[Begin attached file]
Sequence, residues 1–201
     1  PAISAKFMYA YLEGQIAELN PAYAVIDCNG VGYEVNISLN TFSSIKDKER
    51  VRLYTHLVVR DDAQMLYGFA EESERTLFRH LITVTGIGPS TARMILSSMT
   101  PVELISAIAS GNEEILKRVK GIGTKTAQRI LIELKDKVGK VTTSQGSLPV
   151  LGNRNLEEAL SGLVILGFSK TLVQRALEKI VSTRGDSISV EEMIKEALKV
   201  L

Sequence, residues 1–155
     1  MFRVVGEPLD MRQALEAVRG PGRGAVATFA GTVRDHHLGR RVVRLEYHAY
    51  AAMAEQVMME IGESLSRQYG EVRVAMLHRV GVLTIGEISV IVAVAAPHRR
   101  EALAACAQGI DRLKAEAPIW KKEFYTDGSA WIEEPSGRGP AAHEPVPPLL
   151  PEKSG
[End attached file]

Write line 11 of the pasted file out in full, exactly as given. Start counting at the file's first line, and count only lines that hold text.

   151  PEKSG